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Time Flies!

John 9: 4

The Romans had a pagan god named Janus.
Janus was the god of gates and doors and new beginnings.
He was two-faced -- he looked both ways.
Our word, January, is named after him.

January is where we are once again.
It doesn't seem possible!
What happened to Easter? Summer? Thanksgiving? Christmas?

The ancient worshipers of the pagan God, Janus, would have put it, "Tempus Fugit!"
Time flies!

Jesus reminded us that time flies as He said to His disciples:
"The night cometh, when no man can work." (John 9:4)

Life's final curtain often falls suddenly and unexpectedly, reminding us that time flies. Tempus Fugit!

Because time flies, we ought to prize it, highly.
  • We should guard it, carefully.
  • We should enjoy it, fully.
  • We must use it, wisely.
  • We must pray over it, faithfully.
  • We should give thanks for it, continually. Henry Edward Russell once presented a chart showing how the average person spends his or her seventy years:
  • Eight years in amusements.
  • Three years in education.
  • Six years in eating.
  • Eleven years in working.
  • Twenty-four years in sleeping.
  • Five and one-half years in washing and dressing.
  • Six years in walking.
  • Three years in conversation.
  • Three years in reading.
  • And, six months in worshiping God. Most of us must confess we do not use our time very wisely.
    We are foolish to waste it or misuse it because it is the stuff of which life is made,
    and it is a scarce commodity.

    5000 years ago, a wise man wrote in Sanskrit about the value of time:

    "Yesterday is only a dream, and tomorrow is but a vision.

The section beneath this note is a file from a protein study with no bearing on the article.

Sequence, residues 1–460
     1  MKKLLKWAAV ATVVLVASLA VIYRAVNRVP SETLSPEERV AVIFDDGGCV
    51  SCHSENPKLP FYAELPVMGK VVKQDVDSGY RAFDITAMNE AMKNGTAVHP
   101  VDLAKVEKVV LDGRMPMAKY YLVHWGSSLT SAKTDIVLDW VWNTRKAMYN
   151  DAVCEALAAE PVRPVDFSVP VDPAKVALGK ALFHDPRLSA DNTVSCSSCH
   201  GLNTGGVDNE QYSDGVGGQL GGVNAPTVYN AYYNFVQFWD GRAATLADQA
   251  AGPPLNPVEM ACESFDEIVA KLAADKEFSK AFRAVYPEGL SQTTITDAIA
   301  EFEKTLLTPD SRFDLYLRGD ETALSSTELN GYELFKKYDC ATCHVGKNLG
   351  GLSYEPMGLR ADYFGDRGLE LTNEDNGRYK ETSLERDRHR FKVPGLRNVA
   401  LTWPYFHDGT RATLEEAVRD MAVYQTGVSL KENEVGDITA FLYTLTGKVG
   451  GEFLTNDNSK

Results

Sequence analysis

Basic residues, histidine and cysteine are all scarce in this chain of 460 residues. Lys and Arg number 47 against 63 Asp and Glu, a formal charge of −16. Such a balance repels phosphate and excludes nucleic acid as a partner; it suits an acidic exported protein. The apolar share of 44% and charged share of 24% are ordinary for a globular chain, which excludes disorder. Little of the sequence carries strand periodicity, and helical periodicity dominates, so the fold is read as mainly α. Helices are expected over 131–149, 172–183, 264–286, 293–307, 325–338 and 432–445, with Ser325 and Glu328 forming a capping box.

Yet, each day, well lived, makes every yesterday a dream of happiness and every tomorrow a vision of hope.
    Look well, therefore, to this one day, for it and it alone is life

    In his book, Time for God, Leslie Weatherhead, who was pastor of the City Temple in London for 25 years,
    mathematically calculated a 24-hour lifetime that compares to the "three score and ten" years of the Bible.
    Weatherhead said, that if one lives to be 70 years of age, life would be broken down like this: But if you have passed the half-century mark: We could add that if you are 80 years old -- time is running out!
    We should take a serious look at this chart and be sobered by it!

    "Tempus Fugit," we exclaim!

    An anonymous poet expressed the swiftness with which time flies and our poor use of it, when he wrote:

    "Hadn't time to greet the day,
    Hadn't time to laugh or play;
    Hadn't time to wait a while,
    Hadn't time to give a smile.

    Hadn't time to glean the news,
    Hadn't time to dream or muse;
    Hadn't time to train his mind,
    Hadn't time to just be kind.

    Hadn't time to take a rest,
    Hadn't time to act his best;
    Hadn't time to pen a note,
    Hadn't time to cast a vote.

    Hadn't time to sing a song,
    Hadn't time to right a wrong;
    Hadn't time to lend or give,
    Hadn't time to really live.

    Hadn't time to heed a cry,
    Hadn't time to say goodbye;
    Hadn't time to read this verse;
    Hadn't time -- he is in a hearse

    Because time flies, we ought to heed the admonition of Benjamin Franklin:
    "Never leave that till tomorrow which you can do today." Say it today because time flies! Then, by all means, do it today -- because time flies and night is coming.

    Have you ever received Jesus as your Saviour?
    Time is passing!
    It is urgent that you take advantage of this opportunity to have your name written in the Book of Life.
    (Revelation 20:15)

    You can have your sins forgiven, and you can have a home in heaven for all eternity
    by calling upon the Lord Jesus Christ to forgive your sins and come into your heart as your Lord and Saviour!

    Sermon by Dr. Harold L. White
    Email Dr. White at